General Motors CEO Mary Barra has begun feeling the pressure from frustrated shareholders over the automaker’s poor performance on Wall Street. Now, major investors are beginning to ask what more Barra and GM can do.
Reuters reported last Friday that GM’s share prices have fallen six percent from the initial public offering price of $33 in 2010 after its bankruptcy reorganization. The increases pressure comes days before GM announces its third-quarter earnings on October 31. GM shares hit a high of $46.48 on October 24, 2017, but have steadily declined 33 percent since then.
Now some major shareholders believe the automaker could see the third major action by activist holders in four years.
“I’ve been expecting it,” said John Levin, chairman of Levin Capital Strategies. “It just seems a tempting morsel to somebody.”
Back in 2015, investor Harry Wilson pushed GM to launch a $5 billion share buyback, and in 2017, GM fought off calls to split its common shares into two classes.
The poor performance comes even as GM has continued to perform well in the market with its truck and SUV business. China has been another strong suit for the automaker in recent years, but a market downturn in North American and a slump in China could push the stock price even lower. Even major news surrounding the automaker’s Cruise Automation self-driving car unit has done little to push the stock price higher.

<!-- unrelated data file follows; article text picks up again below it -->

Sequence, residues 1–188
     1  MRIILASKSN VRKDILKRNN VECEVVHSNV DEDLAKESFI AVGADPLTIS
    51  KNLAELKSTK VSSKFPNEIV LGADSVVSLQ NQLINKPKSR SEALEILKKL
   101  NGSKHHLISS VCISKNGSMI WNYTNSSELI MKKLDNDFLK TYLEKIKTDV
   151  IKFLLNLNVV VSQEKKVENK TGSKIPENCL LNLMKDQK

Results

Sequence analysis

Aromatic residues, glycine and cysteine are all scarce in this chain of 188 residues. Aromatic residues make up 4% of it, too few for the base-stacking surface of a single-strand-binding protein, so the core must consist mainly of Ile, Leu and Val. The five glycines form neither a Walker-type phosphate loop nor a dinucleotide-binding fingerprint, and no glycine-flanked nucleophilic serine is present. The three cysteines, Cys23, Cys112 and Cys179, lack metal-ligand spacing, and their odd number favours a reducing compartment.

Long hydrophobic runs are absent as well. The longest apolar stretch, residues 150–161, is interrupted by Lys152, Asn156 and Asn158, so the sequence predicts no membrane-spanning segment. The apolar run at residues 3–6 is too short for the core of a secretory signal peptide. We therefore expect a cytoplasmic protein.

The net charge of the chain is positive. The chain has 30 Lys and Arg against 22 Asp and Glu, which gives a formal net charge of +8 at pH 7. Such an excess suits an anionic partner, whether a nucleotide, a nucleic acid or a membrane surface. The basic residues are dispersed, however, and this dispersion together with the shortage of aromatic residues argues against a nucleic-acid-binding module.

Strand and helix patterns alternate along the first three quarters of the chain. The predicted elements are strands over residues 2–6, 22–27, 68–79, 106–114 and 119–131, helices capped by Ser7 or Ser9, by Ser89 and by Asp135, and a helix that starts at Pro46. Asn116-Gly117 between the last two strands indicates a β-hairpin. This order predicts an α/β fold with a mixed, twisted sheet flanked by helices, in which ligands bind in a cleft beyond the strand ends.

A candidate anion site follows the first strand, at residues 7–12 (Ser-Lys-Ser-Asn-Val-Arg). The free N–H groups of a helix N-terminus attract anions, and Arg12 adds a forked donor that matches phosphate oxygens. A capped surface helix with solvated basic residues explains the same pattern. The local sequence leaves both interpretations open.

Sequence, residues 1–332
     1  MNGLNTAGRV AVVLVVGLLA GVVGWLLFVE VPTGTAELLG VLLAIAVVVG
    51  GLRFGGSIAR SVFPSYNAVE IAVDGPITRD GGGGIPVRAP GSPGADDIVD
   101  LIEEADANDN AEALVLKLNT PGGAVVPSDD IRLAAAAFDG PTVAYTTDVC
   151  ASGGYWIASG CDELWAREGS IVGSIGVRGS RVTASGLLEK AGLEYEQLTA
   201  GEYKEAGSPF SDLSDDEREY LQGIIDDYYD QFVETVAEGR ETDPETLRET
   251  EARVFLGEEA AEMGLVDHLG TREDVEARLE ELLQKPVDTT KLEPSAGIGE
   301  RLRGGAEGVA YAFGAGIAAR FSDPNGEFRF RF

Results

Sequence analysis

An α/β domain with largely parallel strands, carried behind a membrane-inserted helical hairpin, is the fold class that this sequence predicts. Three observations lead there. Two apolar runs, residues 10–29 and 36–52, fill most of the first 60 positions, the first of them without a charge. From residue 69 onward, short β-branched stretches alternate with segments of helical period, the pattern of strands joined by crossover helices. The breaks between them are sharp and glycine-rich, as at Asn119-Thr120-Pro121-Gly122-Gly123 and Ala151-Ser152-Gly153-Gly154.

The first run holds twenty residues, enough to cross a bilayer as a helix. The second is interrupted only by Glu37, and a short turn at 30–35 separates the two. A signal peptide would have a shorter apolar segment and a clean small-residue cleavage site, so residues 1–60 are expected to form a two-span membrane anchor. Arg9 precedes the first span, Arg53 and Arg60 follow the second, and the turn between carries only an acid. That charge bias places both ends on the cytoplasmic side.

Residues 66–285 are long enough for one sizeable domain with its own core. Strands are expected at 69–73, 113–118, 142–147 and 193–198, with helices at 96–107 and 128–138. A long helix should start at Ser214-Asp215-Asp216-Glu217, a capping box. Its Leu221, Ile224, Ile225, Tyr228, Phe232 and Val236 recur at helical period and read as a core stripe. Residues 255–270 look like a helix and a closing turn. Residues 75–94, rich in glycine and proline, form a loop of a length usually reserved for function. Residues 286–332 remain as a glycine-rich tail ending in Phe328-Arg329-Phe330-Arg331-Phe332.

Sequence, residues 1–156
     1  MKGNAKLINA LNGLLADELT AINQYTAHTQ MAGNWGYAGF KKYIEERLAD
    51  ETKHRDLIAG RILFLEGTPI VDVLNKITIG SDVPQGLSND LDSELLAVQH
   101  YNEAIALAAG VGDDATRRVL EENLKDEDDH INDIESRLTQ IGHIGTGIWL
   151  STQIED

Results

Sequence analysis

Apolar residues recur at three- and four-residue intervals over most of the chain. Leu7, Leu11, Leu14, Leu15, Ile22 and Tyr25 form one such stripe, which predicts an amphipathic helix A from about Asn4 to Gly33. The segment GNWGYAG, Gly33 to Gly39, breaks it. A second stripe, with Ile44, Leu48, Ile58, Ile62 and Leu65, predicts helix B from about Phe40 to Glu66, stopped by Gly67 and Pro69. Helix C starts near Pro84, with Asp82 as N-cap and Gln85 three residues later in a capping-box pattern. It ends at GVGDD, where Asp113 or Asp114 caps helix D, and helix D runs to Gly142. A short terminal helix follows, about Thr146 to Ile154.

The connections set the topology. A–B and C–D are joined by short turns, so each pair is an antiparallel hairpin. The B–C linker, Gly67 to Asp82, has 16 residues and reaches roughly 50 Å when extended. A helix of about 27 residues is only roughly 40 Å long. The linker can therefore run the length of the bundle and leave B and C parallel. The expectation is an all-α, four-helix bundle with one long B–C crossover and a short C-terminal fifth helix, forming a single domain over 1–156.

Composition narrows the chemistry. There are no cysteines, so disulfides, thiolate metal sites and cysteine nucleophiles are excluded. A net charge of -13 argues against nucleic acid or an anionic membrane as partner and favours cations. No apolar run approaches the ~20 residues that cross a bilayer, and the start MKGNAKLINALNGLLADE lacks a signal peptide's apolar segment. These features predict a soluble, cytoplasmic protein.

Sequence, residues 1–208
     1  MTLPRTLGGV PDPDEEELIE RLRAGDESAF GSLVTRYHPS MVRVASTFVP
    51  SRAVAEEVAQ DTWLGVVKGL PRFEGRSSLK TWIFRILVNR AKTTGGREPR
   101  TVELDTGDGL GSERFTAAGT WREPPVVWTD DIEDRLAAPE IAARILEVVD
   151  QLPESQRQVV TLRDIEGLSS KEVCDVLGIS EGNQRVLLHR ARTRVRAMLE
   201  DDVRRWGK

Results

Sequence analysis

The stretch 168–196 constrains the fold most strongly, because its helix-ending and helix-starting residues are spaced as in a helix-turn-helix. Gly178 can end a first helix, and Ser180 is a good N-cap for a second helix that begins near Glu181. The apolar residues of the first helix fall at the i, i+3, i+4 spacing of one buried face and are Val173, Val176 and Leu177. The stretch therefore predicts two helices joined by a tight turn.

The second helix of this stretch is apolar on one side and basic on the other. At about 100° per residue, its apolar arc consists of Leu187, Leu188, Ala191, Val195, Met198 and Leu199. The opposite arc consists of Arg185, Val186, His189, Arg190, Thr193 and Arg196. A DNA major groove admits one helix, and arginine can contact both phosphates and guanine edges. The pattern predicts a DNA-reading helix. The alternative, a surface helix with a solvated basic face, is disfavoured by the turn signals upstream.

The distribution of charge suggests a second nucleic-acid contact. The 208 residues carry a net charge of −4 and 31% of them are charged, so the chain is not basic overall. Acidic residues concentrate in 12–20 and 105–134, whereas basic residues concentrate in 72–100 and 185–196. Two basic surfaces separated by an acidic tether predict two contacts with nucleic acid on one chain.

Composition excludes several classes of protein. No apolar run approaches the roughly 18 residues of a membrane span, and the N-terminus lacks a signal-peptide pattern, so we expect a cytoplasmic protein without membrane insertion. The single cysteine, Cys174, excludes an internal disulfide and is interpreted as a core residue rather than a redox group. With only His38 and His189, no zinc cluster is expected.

Some analysts believe it could push GM to spin off its Cruise unit to underscore the company’s value.
To be clear, many investors aren’t frustrated with Barra’s overall performance, but it appears many are left wondering what more GM can do to perform better on Wall Street. Others say it’s time for Barra to get even more aggressive and potentially exit the sedan and passenger car business like rival Ford has.
Since Ford announced it would exit the sedan segment, its shares have fallen below prices during the Great Recession.